MANILA (Reuters) - The new Philippine government is optimistic of securing a lasting peace with Muslim separatists, and its chief negotiator said on Monday a review of the process was almost complete and talks could resume in the near future.
Marvic Leonen also said he was not unduly concerned by reports the Moro Islamic Liberation Front (MILF) was building up its strength in case of a breakdown in negotiations.
“The MILF is a military force, and of course it is understandable for them to say they are training their fighters,” he told foreign correspondents, adding the Philippine military was also modernising its equipment.
The MILF, the country’s largest Muslim guerrilla group, has been fighting for a separate homeland in southern Mindanao island for the past four decades. More than 120,000 people have died and 2 million displaced in the rebellion.
Philippine governments and the MILF have been in stop-start negotiations since 1997, but an acceptable political deal remain elusive.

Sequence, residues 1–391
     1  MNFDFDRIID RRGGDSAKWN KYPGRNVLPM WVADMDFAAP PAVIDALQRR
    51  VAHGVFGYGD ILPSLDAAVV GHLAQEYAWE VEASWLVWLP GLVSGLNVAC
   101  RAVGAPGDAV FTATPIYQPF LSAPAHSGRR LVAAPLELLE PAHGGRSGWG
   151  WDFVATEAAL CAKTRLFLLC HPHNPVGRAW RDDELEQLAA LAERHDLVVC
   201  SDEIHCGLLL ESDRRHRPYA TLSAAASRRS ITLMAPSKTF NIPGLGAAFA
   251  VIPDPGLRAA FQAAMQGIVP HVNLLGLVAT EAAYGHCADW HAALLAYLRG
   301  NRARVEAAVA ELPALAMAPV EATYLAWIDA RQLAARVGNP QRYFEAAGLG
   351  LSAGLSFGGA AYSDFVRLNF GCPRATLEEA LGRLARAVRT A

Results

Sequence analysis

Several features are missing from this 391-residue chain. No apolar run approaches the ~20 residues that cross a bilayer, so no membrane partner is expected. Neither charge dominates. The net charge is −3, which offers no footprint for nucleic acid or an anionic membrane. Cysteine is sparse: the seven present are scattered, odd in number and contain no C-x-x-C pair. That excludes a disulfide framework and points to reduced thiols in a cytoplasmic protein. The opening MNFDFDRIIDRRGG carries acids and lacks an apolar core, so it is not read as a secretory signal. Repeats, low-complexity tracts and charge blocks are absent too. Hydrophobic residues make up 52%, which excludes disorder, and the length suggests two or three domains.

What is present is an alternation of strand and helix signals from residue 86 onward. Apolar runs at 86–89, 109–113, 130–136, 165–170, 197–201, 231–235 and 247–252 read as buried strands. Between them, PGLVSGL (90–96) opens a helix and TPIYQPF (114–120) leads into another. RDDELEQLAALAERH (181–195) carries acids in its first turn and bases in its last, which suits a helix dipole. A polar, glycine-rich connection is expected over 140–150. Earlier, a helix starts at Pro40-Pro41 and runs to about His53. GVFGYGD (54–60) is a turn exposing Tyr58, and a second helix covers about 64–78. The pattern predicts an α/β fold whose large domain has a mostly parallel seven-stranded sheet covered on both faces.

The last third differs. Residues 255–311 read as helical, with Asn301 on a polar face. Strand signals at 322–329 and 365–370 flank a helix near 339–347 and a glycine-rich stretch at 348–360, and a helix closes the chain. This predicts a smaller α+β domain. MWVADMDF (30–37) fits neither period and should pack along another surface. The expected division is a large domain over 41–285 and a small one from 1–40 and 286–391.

Leonen said the review ordered by President Benigno Aquino III was not aimed at restarting the peace process from scratch, but to give the new team an understanding of what had been achieved in trying to end the insurgency.
“Nine years under a different administration; you cannot just expect a two-month old government to simply take the driver’s seat immediately after that nine years,” said Leonen.
He indicated international parties would remain involved in the peace process, but did not provide details. Malaysia has facilitated talks since 2001 and the rebels want them to stay on in that role.
The government has said it was keen for talks to restart after the holy month of Ramadan, and Leonen noted that while it had named some of its panel, the MILF had not yet named any of its team.
(Reporting by John Mair; Editing by Sanjeev Miglani)
For more news on Reuters India, click http://in.reuters.com